ALEX Classroom Resources

ALEX Classroom Resources  
   View Standards     Standard(s): [SS2010] LWT (0) 12 :
12 ) Describe families and communities of the past, including jobs, education, transportation, communication, and recreation.

•  Identifying ways everyday life has both changed and remained the same
Subject: Social Studies (K)
Title: What is Transportation?/Young Explorers
URL: https://aptv.pbslearningmedia.org/resource/ad87bdb6-f349-4bdc-afa6-2446ab826eb2/what-is-transportation-young-explorers/
Description:

In this video from PBSLearningMedia, students learn exploring our world is fun. Abby Brown loves to help kids have fun while learning. In this segment, Abby teaches kids about many types of transportation and how people and things get from one place to another. Sometimes, transportation is just for fun.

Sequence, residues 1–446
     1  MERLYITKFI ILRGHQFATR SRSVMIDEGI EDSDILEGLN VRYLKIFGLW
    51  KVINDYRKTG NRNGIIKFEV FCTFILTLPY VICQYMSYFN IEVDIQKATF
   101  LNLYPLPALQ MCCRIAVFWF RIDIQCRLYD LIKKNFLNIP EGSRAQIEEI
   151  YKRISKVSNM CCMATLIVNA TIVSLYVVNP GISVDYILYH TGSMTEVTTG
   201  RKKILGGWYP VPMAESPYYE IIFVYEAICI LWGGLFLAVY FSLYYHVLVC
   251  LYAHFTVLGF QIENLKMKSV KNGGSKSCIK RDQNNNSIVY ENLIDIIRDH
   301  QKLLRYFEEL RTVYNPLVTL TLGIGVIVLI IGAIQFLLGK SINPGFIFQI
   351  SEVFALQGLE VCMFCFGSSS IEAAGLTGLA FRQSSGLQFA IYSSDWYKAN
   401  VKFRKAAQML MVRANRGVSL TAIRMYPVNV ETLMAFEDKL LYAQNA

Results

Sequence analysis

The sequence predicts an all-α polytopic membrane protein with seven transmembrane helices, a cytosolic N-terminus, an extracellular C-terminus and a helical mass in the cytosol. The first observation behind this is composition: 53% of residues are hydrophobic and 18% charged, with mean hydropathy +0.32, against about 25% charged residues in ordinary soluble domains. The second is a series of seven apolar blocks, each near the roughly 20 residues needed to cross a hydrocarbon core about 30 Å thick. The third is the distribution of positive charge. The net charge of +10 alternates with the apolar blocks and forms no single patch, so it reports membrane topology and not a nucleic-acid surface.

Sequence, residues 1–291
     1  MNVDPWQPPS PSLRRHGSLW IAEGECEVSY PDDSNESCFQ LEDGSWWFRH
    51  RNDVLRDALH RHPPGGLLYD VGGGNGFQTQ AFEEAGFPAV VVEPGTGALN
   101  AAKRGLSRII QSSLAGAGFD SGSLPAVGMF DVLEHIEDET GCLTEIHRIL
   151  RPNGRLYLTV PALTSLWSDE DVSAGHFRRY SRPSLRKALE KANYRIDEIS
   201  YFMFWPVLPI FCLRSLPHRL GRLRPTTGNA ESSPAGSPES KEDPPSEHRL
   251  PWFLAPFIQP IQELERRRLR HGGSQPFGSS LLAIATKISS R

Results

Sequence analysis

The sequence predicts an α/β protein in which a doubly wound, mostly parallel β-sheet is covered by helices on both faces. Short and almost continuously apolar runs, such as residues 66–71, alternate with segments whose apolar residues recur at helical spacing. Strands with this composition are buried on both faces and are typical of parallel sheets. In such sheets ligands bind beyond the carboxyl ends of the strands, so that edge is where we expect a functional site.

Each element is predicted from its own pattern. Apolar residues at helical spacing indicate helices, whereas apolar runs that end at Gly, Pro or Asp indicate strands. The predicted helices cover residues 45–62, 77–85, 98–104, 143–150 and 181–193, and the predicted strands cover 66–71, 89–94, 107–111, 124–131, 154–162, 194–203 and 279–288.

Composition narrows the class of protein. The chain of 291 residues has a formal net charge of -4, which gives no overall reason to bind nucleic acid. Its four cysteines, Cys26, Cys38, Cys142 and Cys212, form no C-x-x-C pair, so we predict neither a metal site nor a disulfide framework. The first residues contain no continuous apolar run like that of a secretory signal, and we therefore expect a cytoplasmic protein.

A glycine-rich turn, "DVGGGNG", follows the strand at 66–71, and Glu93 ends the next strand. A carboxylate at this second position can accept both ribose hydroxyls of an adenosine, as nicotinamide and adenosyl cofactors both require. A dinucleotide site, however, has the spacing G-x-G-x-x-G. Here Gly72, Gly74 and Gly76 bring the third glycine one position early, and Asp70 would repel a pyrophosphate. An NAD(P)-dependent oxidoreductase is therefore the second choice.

View Standards     Standard(s): [SS2010] LWT (0) 6 :
6 ) Compare cultural similarities and differences in individuals, families, and communities.

Examples: celebrations, food, traditions

[SS2010] LWT (0) 12 :
12 ) Describe families and communities of the past, including jobs, education, transportation, communication, and recreation.

•  Identifying ways everyday life has both changed and remained the same
Subject: Social Studies (K)
Title: Tooey’s Hero | MOLLY OF DENALI™
URL: https://aptv.pbslearningmedia.org/resource/mod19-soc-tooeyshero/tooeys-hero-molly-of-denali/
Description: